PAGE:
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6/14/2007 11:59:00 AM

NL East: A Mets' mess?

By Ben Reiter

Perhaps Mets fans should start keeping their thumb-worn copies of A Hitchhiker's Guide to the Galaxy next to their televisions, as a constant reminder of Douglas Adams' famous mantra: DON'T PANIC.

Just as the crosstown Yanks have awakened from a slumber that consumed their first two months of the season, June is shaping up to be a mensis horribilis for Flushing's finest. They've lost 10 of 12 this month, dropping all four series they've played so far -- and they appear to be struggling in all facets of the game simultaneously.

After an April in which they ranked third in the majors in runs (132, or 5.5/game), third in OPS (.809) and first in ERA (2.96), in June the Mets through yesterday stood 25th in runs (37, or 3.4/game), 25th in OPS (.667), and 26th in ERA (5.05).

The nadir, they must hope, came Tuesday night, when Dodgers starter Hong-Chi Kuo -- he of the one career previous hit -- slugged a mammoth blast off John Maine (which was, in fact, L.A.'s third homer in three Maine pitches), and flipped his bat away, Manny-style, as if he was disgusted that Maine would deign to throw him -- Hong-Chi Kuo! -- such junk.

Here's the thing, though, Mets fans: Your boys remain in great shape. Despite their struggles, they still have a two game lead in the tough NL East, and at 36-28 are one game off of having the best record in the league. They also remain the most talented and well-rounded team in the NL.

The staff is still, by-and-large, performing well. Remove the back-to-back stinkers Tom Glavine and Oliver Perez threw last weekend against the Tigers, who are the hottest offensive team in the league right now, and the club's June ERA would stand at 3.55. A rejuvenated El Duque (2.38 ERA on the season, 3.09 in June) has been pitching like he's a lad of 46 again. Maine, despite getting KO'd (or is it Kuo'd?) on Tuesday night, allowed only two earned runs in each of his two previous June starts; and Jorge Sosa's been the best of the bunch recently, surrendering just one earned run in earning the Mets' only two June wins before suffering through a pair of bad innings against the Dodgers last night.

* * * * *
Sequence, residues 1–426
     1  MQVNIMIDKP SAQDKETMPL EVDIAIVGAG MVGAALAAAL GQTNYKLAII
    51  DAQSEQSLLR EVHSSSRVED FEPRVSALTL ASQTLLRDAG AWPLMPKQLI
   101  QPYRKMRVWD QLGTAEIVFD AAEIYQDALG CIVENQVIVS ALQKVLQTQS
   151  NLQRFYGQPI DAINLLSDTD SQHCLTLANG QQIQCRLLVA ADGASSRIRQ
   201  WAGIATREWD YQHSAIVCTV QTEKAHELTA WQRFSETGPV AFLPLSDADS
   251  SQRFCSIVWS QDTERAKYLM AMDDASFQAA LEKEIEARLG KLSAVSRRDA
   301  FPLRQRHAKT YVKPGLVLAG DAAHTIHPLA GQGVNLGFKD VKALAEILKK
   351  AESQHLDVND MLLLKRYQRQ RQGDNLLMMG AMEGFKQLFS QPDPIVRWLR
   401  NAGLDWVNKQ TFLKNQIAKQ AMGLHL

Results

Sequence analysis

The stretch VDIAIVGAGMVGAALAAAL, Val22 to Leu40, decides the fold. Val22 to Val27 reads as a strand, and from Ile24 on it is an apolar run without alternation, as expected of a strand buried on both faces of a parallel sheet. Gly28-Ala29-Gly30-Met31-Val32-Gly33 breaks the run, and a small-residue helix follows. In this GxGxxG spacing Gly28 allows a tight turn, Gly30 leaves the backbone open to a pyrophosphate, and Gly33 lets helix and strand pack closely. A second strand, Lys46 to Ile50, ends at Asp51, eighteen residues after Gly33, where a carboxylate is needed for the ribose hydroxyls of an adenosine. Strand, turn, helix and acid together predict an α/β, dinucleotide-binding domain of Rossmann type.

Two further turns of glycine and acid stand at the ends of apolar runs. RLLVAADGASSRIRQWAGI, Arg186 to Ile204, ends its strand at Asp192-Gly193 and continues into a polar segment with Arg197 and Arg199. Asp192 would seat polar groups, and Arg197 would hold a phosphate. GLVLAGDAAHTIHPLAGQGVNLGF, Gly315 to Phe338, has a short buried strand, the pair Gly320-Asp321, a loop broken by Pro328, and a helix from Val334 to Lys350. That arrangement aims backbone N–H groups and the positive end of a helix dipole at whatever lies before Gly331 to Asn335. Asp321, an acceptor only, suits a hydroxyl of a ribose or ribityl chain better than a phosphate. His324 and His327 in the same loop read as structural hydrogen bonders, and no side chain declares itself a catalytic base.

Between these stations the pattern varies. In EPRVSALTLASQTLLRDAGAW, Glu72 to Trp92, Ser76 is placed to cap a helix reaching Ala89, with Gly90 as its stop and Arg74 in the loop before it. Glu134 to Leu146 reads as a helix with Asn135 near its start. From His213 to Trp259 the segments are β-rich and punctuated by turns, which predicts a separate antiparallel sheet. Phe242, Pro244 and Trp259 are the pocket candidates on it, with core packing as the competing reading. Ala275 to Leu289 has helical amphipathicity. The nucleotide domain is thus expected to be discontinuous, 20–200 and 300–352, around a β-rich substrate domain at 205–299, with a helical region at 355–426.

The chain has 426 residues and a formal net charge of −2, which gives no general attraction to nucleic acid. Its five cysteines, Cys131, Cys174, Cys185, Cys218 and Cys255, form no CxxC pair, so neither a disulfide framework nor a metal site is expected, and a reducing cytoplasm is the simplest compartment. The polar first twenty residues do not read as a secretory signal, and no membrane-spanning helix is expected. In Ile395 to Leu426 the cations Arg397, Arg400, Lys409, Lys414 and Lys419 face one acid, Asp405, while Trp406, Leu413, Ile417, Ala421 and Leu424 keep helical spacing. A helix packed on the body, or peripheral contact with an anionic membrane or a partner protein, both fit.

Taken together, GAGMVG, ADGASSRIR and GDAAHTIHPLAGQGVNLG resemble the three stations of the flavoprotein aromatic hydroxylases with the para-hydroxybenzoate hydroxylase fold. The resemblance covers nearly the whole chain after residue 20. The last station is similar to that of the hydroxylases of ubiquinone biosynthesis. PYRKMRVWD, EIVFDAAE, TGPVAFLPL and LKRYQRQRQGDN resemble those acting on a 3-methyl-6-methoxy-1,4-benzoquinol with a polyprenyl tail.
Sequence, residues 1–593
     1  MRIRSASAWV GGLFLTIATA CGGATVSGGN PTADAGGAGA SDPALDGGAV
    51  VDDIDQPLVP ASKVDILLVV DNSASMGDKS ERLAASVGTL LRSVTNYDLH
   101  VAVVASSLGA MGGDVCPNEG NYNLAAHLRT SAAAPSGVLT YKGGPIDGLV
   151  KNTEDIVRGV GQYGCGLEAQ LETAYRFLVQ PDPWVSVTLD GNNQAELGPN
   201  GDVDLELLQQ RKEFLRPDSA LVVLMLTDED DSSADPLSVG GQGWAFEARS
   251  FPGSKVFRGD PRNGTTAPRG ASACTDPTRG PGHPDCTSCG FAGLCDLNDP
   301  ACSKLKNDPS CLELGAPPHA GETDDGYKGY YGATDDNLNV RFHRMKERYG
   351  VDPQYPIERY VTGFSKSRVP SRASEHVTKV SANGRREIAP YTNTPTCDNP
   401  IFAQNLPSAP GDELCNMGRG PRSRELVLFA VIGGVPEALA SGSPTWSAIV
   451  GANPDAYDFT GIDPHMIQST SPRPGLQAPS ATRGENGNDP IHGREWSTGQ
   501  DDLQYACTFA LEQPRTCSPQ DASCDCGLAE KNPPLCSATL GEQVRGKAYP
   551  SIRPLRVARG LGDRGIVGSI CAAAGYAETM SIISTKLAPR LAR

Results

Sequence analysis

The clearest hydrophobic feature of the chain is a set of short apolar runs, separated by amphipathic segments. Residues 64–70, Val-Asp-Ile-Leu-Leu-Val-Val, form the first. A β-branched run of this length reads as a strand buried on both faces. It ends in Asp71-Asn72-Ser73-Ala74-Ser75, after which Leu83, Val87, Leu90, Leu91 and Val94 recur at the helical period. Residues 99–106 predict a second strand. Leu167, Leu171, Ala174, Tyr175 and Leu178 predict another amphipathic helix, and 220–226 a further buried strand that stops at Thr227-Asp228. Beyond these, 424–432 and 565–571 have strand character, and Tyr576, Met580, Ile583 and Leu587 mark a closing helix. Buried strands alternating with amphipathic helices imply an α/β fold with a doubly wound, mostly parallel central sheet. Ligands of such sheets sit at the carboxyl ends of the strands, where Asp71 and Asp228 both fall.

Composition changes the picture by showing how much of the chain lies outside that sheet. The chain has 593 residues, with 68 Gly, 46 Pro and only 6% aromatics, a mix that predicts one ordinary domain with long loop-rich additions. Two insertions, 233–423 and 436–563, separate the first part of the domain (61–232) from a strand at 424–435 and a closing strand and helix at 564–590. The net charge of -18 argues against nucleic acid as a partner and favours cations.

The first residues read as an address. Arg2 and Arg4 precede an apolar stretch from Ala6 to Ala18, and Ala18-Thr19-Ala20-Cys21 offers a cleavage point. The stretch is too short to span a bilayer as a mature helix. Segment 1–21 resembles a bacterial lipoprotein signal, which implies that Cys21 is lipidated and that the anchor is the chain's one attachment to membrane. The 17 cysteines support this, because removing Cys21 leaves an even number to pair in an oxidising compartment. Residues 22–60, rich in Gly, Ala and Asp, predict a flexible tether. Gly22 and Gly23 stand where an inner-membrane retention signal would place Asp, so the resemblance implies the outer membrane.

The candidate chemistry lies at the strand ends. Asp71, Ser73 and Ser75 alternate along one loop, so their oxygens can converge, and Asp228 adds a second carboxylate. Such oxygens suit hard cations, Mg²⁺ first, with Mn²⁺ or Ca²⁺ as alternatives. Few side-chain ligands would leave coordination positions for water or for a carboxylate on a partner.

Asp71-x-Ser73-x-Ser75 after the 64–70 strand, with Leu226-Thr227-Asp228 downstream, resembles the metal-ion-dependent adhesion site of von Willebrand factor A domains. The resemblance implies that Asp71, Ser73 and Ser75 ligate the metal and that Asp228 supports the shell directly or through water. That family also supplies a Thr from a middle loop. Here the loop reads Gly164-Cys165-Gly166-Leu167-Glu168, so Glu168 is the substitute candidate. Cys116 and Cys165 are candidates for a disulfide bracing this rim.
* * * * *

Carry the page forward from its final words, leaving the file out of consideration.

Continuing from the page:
The even-better news for Mets pitchers is that by late summer, Sosa may be spearheading the team's relief corps; all that Pedro Martinez, who threw 50 pitches off the mound in Port St. Lucie on Tuesday, will be asked to do when he returns is pitch like the best fourth starter in the NL, which shouldn't be a terribly difficult task.

The Mets' offensive woes have been slightly more pernicious. It must be noted that through yesterday the outfield combination of Carlos Gomez, Ben Johnson, Endy Chavez and David Newhan (who have hit three homers between them in 2007), had twice as many June at-bats as did the Opening Day starting trio of Carlos Beltran, Shawn Green and Moises Alou. (For more on Alou's possible return, see the links below). But the Mets' real bugaboo -- and this has been a season-long issue -- has been their situational hitting. As a team, New York is hitting only .250 with runners in scoring position, and the worst offenders have been the sluggers the Mets count on most to get those big hits: David Wright (.217 with RISP), Carlos Delgado (.197), and Beltran (.237).

That the Mets still rank 12th in runs scored overall with their three RBI leaders struggling so badly with men on second and/or third speaks to just how talented an offensive ball club they actually are. It would be foolish to think that that talented triumverate will continue to scuffle so badly in the clutch; after all, in the previous three seasons combined Wright hit .325 with RISP, Delgado .296 and Beltran .293.

Manager Willie Randolph, stoic in both the best and worst of times, is aware that all he has to do is wait for his three giants, and his team at large, to wake up. They've got too much talent not to. "It's what I know about winning baseball and the season, it ebbs and flows," Randolph said the other day.

Right now, the Mets' fortunes are at a definite ebb. Before you know it, they'll be flowing once more.




  • One kink in the Mets' hopes of recapturing their early season magic is that the return of Moises Alou -- who, as you may have forgotten, because he hasn't played in a full month, is hitting .318 -- may still be weeks away, as his 40-year old hamstring isn't improving.


  • Distance has allowed Nats outfielder Ryan Langerhans to finally reflect upon his traumatic whirlwind tour of the majors.


  • The Marlins' brawny second baseman Dan Uggla may have started slow, but now he's hitting the gaps so regularly that he's on pace to match Joe “Ducky” Medwick's 71 year-old NL doubles record of 64.


  • Phillies starter Freddy Garcia appears destined for shoulder surgery -- and with free agency looming may never again pitch in Philadelphia.


  • It's usually not a great sign when a baseball team's fifth-round pick had a dozen more touchdown passes than swings of the bat last year -- but we all should have long ago learned never to doubt John Schuerholz’s drafting chops.
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    posted by SI.com | View comments |  

    Comments:

    Posted: June 14, 2007 10:13 PM   by Anonymous
    Am I the only one who thinks Rafael Soriano should be the closer for the Braves instead of Wickman? Is it just me?
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